I build two of these rigs from PVC pipe . . .
Look, you can still see the splatter marks on the wall
from our recent fly swatter painting sessions!
. . . string, a few links from our plastic chain set, and a plastic cup with a hole poked in the bottom.
I've learned that every gallon of tempera paint has a slightly different consistency, but you normally need to dilute it with water so it flows properly. The jug we were working off this week needed to be about 2 parts paint to 1 part water. Of course, it also makes a difference how big you make the hole in your cup. I used a Phillips head screw driver to do the job.
As the kids approach the table, the art parent puts her finger over the hole to prevent the paint from spilling out prematurely, fills the cup about half way with the thinned paint, and hands it over to the child saying something like, "Give it a swing."
The results tend to be frame worthy:
I've tried making the paint even thinner, but if it's too thin, the paintings dry "fuzzy" as the excess water tends to absorb into the paper as it separates from the paint a bit. Of course, thinner paint does nothing to reduce the child's experience, but this is one of those few art projects where Woodland Park parents say they really want to take one home to hang on their walls, so I go with thicker paint in the hope of creating a few of these keepsakes. Also, I usually pre-tear dozens of sheets of butcher paper to have stacked under the pendulum so that all the adult has to do is whip one away to reveal a blank canvas for the next artist. Not only does this help give kids their turn without a lot of waiting, but it also helps keep the table from becoming a big pool of black paint while you're changing out the paper.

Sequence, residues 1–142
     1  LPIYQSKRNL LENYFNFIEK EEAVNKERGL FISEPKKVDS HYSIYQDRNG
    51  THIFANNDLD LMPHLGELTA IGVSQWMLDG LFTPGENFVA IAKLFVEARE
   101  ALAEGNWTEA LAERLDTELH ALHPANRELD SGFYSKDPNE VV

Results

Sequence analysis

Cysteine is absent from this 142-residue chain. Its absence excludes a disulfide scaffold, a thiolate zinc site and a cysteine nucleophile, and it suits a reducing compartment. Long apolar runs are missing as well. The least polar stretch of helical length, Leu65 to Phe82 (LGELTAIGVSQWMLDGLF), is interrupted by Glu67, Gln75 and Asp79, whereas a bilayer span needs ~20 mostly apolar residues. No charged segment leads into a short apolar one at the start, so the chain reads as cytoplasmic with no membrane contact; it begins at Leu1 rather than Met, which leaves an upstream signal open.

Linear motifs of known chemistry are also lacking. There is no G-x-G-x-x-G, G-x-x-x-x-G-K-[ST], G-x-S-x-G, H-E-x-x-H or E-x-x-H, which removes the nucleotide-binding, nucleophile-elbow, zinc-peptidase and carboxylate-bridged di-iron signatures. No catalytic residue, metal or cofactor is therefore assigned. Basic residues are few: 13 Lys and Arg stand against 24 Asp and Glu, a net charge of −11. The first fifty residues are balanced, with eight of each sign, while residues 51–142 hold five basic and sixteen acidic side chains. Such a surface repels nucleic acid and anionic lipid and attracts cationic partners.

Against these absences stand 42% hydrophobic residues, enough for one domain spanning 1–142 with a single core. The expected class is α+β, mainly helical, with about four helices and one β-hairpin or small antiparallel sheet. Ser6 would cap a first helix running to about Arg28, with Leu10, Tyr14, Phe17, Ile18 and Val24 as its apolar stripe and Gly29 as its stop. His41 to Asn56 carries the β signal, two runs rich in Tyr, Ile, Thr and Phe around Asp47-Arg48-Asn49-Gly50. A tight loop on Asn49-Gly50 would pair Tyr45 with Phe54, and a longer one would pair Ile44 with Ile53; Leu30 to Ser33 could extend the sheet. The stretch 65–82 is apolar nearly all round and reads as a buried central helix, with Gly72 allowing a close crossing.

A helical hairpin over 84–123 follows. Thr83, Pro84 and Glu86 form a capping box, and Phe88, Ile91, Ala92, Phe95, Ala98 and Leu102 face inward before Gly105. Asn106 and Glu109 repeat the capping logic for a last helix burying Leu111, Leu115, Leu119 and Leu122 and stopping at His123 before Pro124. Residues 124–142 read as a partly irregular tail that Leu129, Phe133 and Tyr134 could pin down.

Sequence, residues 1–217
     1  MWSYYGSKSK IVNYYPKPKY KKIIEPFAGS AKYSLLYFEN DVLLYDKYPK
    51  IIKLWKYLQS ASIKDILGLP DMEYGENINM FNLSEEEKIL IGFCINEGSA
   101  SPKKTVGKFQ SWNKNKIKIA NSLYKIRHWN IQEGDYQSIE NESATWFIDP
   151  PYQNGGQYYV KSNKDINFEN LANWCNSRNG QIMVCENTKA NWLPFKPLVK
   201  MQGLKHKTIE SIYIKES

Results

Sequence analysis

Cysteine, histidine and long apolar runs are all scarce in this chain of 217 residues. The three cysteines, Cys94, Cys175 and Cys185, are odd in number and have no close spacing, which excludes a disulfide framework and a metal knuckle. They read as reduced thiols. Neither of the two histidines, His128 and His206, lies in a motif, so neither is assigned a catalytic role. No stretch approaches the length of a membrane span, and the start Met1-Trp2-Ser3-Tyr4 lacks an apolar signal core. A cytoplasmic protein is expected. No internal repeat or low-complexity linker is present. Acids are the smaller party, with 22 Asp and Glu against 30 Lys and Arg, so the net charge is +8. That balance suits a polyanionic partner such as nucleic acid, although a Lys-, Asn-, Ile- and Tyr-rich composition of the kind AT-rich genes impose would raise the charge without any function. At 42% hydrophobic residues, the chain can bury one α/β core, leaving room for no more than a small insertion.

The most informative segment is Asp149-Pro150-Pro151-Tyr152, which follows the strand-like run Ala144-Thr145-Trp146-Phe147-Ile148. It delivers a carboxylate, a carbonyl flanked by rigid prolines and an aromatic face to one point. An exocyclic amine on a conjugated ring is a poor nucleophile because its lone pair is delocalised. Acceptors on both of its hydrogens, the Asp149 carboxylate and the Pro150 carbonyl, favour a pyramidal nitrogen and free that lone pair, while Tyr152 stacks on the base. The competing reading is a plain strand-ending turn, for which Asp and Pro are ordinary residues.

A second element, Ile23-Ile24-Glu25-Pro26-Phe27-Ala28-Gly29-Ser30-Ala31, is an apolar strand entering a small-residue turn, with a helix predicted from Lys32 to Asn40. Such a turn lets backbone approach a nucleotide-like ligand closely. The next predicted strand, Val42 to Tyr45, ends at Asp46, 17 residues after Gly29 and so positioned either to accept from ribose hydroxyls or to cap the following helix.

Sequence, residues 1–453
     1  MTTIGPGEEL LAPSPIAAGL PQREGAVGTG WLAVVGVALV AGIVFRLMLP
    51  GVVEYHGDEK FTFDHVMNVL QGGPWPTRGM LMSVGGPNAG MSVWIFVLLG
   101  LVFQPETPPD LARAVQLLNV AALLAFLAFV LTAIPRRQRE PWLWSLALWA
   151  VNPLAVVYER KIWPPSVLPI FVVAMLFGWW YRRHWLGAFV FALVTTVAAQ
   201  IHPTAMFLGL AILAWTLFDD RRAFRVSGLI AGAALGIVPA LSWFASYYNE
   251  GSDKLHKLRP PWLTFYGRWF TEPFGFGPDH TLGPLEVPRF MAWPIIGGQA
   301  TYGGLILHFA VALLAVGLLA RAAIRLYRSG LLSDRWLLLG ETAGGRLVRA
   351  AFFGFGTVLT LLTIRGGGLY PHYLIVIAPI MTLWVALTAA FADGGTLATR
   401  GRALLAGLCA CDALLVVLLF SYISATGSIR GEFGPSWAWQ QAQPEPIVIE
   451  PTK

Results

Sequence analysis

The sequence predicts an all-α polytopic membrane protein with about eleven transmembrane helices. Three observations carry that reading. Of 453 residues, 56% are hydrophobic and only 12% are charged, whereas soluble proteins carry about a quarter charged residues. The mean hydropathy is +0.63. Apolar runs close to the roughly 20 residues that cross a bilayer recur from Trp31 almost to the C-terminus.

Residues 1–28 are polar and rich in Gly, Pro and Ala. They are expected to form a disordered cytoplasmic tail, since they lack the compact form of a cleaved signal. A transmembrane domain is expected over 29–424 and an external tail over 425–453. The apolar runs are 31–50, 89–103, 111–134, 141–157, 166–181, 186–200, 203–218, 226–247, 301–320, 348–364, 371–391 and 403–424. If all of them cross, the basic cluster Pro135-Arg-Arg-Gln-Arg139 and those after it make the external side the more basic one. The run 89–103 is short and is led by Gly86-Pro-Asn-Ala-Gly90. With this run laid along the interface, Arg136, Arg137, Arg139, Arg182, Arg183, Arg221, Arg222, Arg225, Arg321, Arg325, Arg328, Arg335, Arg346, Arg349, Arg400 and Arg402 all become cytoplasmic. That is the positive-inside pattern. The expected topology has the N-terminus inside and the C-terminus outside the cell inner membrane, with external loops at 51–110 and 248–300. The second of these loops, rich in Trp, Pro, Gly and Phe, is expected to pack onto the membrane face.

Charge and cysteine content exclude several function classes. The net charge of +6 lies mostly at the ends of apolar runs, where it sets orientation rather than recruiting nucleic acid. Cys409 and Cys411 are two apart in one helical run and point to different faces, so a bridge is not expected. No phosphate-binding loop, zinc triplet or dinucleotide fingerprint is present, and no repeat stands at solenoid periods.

Between the Pre-3 and 3-5 classes, we made at least 100 of these artworks over the course of the past two days forcing us to be very creative in finding enough flat surfaces to dry them (for obvious reasons they can't be hung to dry). We went through an entire gallon of black paint and had to resort to blue by the end of the day yesterday. By this stage, the only painters left were a clutch of hard core scientists who were being quite intentional in their efforts. I wanted to share a few of these because you can see more complexity and evidence of different swinging techniques being employed. I even heard Anjali say, "I'm trying to make a butterfly."
I think this is the butterfly.
Annabelle achieved this by, in part, holding onto the string and swinging the cup
in a kind of chaotic manner.
Not all of them turned out looking like something from an art gallery . . .
. . . but that was hardly the point of this lesson in physics.